Ubuntu

Dash search unavoidably returns offensive results

Reported by Matthew Paul Thomas on 2011-03-21
78
This bug affects 29 people
Affects Status Importance Assigned to Milestone
Unity
Medium
Mikkel Kamstrup Erlandsen
Unity Foundations
Medium
Mikkel Kamstrup Erlandsen
unity-lens-applications
Medium
Unassigned
unity-place-applications (Ubuntu)
Undecided
Unassigned

Bug Description

unity 3.6.6-0ubuntu1, Ubuntu Natty
unity 3.6.8-0ubuntu3, Ubuntu Natty
unity-2d 5.8.0-0ubuntu1, Ubuntu Pangolin

Example 1:
0. Be a 14-year-old girl, or a schoolteacher preparing to show a film to your class, or a businessperson preparing to give a presentation.
1. Click the Applications button.
2. Type "movie" to launch Movie Player.
What happens: Seven applications appear, one of which is called "PornView".

Example 2:
0. Be a Dell representative or customer.
1. Click the Applications button.
2. Type "Dell" to find the Dell Recovery tool.
What happens: Five applications appear, including "Dopewars", a drug-dealing game.

(More examples in <https://bugs.launchpad.net/ubuntu/+source/unity/+bug/883800/comments/15>.)

This problem cannot reasonably be solved merely by renaming or blacklisting one or two particular applications. These are just two examples, and if the Dash shows any applications that aren't installed, there is no bright line between those that should appear for everyone and those that should appear for no-one.

We can't realistically expect the entire Ubuntu software library to be offense-free: as more independent applications are published, some (especially games) will be targeted at mature audiences and/or be non-worksafe, and that's fine. (We can introduce a maturity rating system inside Ubuntu Software Center for those.) But people should be able to expect that the launcher in Ubuntu's shell, of all things, *will* be offense-free.

Possible solutions:

* Simplest would be to restrict application search results only to those applications that are actually installed. As Mark Shuttleworth said in <https://lists.launchpad.net/unity-design/msg08030.html>: "To launch what you know you have installed, use the Dash. To explore what may be installed, or may be available, use the Software Centre. Now, neither piece may yet be ideal, but we should improve the design of those pieces for their specific purposes, not try to make everything do everything."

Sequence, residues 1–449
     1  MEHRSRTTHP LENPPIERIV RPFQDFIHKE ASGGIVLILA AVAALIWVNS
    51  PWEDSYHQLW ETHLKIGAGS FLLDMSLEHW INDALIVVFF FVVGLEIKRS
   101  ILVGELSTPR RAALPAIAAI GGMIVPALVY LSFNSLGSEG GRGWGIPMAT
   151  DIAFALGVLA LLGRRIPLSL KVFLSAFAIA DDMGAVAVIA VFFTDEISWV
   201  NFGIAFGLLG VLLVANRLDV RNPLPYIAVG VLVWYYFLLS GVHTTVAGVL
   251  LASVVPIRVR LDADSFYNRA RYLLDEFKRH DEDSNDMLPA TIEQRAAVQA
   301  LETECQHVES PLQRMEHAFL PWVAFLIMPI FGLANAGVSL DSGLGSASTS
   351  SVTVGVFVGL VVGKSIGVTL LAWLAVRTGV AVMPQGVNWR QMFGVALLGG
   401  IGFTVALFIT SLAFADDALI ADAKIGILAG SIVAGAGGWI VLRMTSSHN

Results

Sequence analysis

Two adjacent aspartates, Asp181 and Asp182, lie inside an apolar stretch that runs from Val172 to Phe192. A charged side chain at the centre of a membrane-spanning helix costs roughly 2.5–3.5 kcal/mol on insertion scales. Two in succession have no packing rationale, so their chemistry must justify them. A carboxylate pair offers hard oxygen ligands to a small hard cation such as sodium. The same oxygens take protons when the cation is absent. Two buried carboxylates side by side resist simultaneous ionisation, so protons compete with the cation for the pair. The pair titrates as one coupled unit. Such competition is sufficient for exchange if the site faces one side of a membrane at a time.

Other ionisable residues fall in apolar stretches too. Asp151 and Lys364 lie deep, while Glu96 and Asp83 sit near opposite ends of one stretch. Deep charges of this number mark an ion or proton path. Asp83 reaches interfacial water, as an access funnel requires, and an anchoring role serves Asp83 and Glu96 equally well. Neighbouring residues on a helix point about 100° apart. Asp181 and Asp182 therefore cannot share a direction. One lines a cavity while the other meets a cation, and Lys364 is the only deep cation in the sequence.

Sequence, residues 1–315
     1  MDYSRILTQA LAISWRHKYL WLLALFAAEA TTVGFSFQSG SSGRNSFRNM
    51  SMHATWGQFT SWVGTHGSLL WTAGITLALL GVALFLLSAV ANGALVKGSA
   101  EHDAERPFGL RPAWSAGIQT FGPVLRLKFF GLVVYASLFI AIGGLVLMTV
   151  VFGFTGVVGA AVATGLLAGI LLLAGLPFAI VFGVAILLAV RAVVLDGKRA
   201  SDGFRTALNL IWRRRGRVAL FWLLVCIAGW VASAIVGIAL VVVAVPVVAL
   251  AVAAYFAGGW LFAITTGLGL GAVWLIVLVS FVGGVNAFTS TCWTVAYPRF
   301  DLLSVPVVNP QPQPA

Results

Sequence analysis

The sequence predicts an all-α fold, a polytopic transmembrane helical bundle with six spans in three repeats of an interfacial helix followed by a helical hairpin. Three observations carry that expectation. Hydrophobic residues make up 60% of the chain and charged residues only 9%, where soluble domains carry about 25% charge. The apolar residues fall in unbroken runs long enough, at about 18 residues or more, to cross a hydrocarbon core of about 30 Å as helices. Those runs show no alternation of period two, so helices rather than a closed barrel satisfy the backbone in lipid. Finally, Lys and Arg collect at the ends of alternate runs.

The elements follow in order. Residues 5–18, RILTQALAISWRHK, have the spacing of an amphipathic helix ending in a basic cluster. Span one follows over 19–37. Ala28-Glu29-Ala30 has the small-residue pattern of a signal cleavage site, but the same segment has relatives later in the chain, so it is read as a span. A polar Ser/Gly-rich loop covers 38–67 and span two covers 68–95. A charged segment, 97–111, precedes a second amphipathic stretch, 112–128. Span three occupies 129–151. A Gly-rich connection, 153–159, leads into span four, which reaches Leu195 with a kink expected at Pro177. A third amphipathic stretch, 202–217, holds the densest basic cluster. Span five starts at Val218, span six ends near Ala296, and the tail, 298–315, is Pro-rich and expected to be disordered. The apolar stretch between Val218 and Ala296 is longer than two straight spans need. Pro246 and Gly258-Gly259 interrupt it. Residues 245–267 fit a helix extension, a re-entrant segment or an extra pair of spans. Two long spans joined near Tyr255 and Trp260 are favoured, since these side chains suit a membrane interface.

* Introduce a maturity ratings system <https://blueprints.launchpad.net/ubuntu/+spec/foundations-software-maturity-ratings>, apply it to every package in the Ubuntu archive that needs it, then set a reasonable default for Dash searches (analogous to Google's "SafeSearch Moderate"). This might involve adding a setting for how much filtering the Dash should do.

* Ad-hoc and unconfigurable blacklisting (as proposed in duplicate bug 883800). This might result in ongoing disagreements about whether particular applications should be blacklisted.

description: updated
Changed in unity:
assignee: nobody → Mikkel Kamstrup Erlandsen (kamstrup)
importance: Undecided → Medium
milestone: none → 3.6.8
status: New → Triaged
Changed in unity-place-applications:
assignee: nobody → Mikkel Kamstrup Erlandsen (kamstrup)
importance: Undecided → Medium
milestone: none → 0.2.42
status: New → Triaged
Changed in unity-foundations:
assignee: nobody → Mikkel Kamstrup Erlandsen (kamstrup)
importance: Undecided → Medium
milestone: none → unity-3.6.8
status: New → Triaged
Changed in unity-foundations:
status: Triaged → Fix Committed
Changed in unity:
status: Triaged → Fix Committed
Changed in unity-place-applications:
status: Triaged → Fix Committed
Duncan McGreggor (oubiwann) wrote :

Hey mpt,

I just took a look at the fix that Mikkel implemented, and I like it: simple and direct. The dash search will now only show installed applications.

Though this does address the use case you offered as an example, I really like your idea of ratings. It shows a sensitivity to different audiences that has been demanded in other areas of the entertainment industry (including software). For the aspects of this bug that the fix didn't (and rightly can't) address, I'd be +1 for a discussion at UDS about ratings, and how we could go about that...

Matthew Paul Thomas (mpt) wrote :

Blueprint registered and proposed for UDS.

Mikkel, can you confirm:

 - the home screen aggregation shows only installed apps
 - the apps place shows both installed and available apps?

Thanks
Mark

On 22 March 2011 20:48, Mark Shuttleworth <email address hidden> wrote:
> Mikkel, can you confirm:
>
>  - the home screen aggregation shows only installed apps
>  - the apps place shows both installed and available apps?

That's a positive. Hitting the mirrors on Wednesday evening (tomorrow that is).

Changed in unity-foundations:
status: Fix Committed → Fix Released
Changed in unity-place-applications:
status: Fix Committed → Fix Released
Changed in unity:
status: Fix Committed → Fix Released
Launchpad Janitor (janitor) wrote :

This bug was fixed in the package unity-place-applications - 0.2.42-0ubuntu1

---------------
unity-place-applications (0.2.42-0ubuntu1) natty; urgency=low

  * New upstream release.
    - Dash search unavoidably returns offensive results (LP: #739469)
    - SearchFinished signal for Places API (LP: #739311)
    - Dash: installed/not installed packages are conflated under "Applications":
      incredibly confusing (LP: #733669)
    - Apps Place: SIGABRT when monkey-typing global searches (LP: #737396)